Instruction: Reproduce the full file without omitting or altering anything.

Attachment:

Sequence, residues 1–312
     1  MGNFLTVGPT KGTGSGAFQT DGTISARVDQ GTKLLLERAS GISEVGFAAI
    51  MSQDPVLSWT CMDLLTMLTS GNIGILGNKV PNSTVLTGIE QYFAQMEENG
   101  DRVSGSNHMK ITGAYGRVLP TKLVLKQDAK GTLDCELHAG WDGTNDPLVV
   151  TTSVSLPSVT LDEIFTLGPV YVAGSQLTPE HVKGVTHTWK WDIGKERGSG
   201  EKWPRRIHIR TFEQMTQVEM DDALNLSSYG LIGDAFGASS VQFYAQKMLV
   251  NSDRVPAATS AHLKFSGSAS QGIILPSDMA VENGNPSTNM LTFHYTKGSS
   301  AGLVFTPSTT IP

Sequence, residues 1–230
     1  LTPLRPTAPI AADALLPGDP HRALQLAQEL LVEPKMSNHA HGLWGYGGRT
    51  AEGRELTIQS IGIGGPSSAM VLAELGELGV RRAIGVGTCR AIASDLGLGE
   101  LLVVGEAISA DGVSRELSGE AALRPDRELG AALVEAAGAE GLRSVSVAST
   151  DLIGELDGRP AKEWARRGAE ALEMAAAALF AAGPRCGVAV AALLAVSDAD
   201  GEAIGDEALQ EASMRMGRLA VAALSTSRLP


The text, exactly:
Sequence, residues 1–312
     1  MGNFLTVGPT KGTGSGAFQT DGTISARVDQ GTKLLLERAS GISEVGFAAI
    51  MSQDPVLSWT CMDLLTMLTS GNIGILGNKV PNSTVLTGIE QYFAQMEENG
   101  DRVSGSNHMK ITGAYGRVLP TKLVLKQDAK GTLDCELHAG WDGTNDPLVV
   151  TTSVSLPSVT LDEIFTLGPV YVAGSQLTPE HVKGVTHTWK WDIGKERGSG
   201  EKWPRRIHIR TFEQMTQVEM DDALNLSSYG LIGDAFGASS VQFYAQKMLV
   251  NSDRVPAATS AHLKFSGSAS QGIILPSDMA VENGNPSTNM LTFHYTKGSS
   301  AGLVFTPSTT IP

Sequence, residues 1–230
     1  LTPLRPTAPI AADALLPGDP HRALQLAQEL LVEPKMSNHA HGLWGYGGRT
    51  AEGRELTIQS IGIGGPSSAM VLAELGELGV RRAIGVGTCR AIASDLGLGE
   101  LLVVGEAISA DGVSRELSGE AALRPDRELG AALVEAAGAE GLRSVSVAST
   151  DLIGELDGRP AKEWARRGAE ALEMAAAALF AAGPRCGVAV AALLAVSDAD
   201  GEAIGDEALQ EASMRMGRLA VAALSTSRLP